Question: How does performance compare between PostgreSQLs ANY and IN operators?


In PostgreSQL, both the ANY and IN operators are used to check if a value exists within an array or a list of values. The choice between using ANY or IN can sometimes affect query performance, but it depends largely on the context of the query.

Understanding ANY and IN

IN Operator: The IN operator allows you to specify multiple values in a WHERE clause. It is equivalent to multiple OR conditions.

SELECT * FROM employees WHERE department_id IN (1, 2, 3);

ANY Operator: The ANY operator is used with arrays or subqueries. It returns true if any element of an array (or a subquery result) matches the condition.

SELECT * FROM employees WHERE department_id = ANY(ARRAY[1, 2, 3]);

Performance Considerations

  • Indexing: Both IN and ANY can effectively use indexes on the column being queried. However, their ability to optimize query performance through indexes depends on how PostgreSQL's query planner interprets the data and available indexes.

  • Handling Large Lists: When dealing with a large number of elements, IN can be less efficient than ANY because IN translates into multiple OR conditions which might make the query plan more complex. In contrast, when using ANY with an array, PostgreSQL handles it as a single condition which can be more straightforward for the query planner to optimize.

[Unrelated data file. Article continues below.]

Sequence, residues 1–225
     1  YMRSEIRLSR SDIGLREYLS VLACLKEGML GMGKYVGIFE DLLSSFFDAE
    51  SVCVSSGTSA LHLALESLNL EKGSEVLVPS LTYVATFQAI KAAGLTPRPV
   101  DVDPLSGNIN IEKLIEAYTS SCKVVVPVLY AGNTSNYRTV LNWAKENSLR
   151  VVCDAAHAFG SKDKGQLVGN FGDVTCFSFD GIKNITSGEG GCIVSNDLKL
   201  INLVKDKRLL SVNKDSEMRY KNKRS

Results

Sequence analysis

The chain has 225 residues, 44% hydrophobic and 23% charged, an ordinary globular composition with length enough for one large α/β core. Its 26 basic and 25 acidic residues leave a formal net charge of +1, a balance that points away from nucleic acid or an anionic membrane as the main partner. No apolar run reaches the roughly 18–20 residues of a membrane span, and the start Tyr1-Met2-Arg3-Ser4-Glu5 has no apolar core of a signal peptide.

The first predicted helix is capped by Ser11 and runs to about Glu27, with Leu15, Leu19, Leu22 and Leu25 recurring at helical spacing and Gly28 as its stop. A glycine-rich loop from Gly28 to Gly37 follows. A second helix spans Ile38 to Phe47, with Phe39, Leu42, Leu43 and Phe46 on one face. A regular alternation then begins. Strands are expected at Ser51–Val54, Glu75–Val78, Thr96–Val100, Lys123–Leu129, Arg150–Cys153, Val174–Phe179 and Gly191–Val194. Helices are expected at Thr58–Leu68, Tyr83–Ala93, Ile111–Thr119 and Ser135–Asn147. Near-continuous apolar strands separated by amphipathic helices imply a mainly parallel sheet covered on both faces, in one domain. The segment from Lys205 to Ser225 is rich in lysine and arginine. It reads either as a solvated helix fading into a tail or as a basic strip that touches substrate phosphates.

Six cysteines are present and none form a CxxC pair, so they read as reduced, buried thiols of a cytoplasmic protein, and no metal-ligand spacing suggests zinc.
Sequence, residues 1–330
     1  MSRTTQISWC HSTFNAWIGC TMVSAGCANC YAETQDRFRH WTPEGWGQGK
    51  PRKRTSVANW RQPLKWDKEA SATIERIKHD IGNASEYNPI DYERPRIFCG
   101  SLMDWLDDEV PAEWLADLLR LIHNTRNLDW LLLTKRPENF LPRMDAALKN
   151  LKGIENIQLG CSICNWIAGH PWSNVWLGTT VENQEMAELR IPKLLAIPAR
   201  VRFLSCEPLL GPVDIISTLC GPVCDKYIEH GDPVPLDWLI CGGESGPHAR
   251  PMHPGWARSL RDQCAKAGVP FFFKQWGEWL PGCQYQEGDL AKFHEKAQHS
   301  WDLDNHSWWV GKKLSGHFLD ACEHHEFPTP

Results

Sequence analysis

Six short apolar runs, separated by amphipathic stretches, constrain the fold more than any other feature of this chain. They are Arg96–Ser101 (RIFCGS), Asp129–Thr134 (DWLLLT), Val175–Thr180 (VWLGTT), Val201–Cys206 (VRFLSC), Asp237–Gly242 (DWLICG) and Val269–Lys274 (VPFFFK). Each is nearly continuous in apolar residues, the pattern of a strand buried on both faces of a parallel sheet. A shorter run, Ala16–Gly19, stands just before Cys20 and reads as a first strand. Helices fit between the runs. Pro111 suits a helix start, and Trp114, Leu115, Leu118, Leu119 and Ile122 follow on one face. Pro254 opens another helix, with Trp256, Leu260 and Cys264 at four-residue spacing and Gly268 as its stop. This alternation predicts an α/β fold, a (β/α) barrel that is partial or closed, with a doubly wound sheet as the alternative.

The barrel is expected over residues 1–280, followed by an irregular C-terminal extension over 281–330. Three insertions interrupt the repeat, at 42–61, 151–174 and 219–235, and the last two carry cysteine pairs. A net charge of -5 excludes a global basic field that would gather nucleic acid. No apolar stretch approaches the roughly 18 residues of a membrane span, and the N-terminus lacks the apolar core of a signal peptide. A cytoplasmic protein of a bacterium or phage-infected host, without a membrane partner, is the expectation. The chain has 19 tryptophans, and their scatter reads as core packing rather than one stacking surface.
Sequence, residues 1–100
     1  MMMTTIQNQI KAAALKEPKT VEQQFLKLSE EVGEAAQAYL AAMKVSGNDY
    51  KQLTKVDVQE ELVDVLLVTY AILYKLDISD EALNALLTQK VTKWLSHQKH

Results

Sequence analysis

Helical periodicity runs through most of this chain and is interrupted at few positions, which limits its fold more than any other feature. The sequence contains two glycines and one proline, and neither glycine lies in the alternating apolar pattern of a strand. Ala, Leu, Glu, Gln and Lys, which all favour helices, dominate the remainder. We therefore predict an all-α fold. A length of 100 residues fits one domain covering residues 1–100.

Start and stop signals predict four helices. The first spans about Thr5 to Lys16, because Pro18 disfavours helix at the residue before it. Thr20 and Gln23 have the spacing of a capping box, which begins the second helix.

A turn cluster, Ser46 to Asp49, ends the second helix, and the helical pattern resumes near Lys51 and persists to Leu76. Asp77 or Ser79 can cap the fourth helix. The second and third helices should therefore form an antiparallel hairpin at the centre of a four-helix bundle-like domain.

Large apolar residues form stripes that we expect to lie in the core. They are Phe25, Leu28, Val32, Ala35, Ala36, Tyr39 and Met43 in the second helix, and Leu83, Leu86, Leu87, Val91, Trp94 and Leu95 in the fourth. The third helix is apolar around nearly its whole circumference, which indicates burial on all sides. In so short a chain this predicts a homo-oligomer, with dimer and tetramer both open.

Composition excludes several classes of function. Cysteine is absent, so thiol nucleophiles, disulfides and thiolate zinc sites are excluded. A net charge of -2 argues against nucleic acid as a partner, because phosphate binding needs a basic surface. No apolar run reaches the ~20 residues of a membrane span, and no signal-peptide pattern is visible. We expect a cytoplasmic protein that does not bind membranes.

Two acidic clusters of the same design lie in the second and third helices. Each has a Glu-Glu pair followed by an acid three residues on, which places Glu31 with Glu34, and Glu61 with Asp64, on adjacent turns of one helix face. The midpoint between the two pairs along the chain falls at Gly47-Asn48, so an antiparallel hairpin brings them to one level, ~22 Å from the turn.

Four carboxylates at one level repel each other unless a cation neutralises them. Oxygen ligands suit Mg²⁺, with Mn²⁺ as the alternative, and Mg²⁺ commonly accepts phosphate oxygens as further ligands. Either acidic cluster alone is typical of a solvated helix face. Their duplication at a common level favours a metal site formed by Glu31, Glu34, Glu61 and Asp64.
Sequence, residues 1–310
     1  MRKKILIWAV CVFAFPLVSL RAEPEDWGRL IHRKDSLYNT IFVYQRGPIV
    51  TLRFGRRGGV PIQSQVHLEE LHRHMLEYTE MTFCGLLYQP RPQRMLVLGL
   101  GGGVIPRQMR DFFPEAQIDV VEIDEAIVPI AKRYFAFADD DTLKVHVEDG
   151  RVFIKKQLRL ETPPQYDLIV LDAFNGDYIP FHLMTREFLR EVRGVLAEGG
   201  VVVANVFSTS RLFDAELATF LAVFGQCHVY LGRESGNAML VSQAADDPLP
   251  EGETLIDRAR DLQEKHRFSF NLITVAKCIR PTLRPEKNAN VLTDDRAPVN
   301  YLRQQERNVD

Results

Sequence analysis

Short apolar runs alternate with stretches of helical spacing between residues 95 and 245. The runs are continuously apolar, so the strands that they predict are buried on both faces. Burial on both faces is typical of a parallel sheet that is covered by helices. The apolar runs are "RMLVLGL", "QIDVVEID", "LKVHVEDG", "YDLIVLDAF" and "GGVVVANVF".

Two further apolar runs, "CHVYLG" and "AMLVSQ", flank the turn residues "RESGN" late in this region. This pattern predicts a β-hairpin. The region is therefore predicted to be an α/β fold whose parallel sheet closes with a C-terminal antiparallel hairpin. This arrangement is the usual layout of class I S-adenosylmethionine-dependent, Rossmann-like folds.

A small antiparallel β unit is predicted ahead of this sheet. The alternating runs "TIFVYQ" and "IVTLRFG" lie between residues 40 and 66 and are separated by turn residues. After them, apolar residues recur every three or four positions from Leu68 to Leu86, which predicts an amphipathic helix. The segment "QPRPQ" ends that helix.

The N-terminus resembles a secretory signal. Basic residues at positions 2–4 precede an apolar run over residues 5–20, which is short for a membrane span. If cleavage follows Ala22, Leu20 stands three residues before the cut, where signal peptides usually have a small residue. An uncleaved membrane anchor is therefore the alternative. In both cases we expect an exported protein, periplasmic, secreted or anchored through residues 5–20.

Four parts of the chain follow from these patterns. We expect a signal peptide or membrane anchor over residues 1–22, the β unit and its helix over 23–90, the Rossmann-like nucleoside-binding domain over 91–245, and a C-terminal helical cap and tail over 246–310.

• Subqueries: When using subqueries, ANY is generally more flexible and potentially more efficient than using IN with a subquery. This is because IN with a subquery might need to evaluate all results of the subquery before applying the condition, whereas ANY can stop checking once it finds a match.

Example Query Comparison

Consider a scenario where you have a table named 'orders' and you want to find orders that belong to certain categories:

Using IN:

SELECT * FROM orders WHERE category_id IN (SELECT category_id FROM categories WHERE active = TRUE);

Using ANY:

SELECT * FROM orders WHERE category_id = ANY(SELECT category_id FROM categories WHERE active = TRUE);

In practical scenarios, the difference in performance between these two might be negligible unless the list of values is very large or the subquery is particularly complex. It's often valuable to test both methods in your specific environment to see which performs better.


Both ANY and IN are powerful tools in PostgreSQL for querying against a set of values. While they often perform similarly, ANY can offer slight performance benefits in certain contexts, especially with larger datasets or complex subqueries. However, the best approach depends heavily on the particular use case and database schema, so performance testing is recommended.

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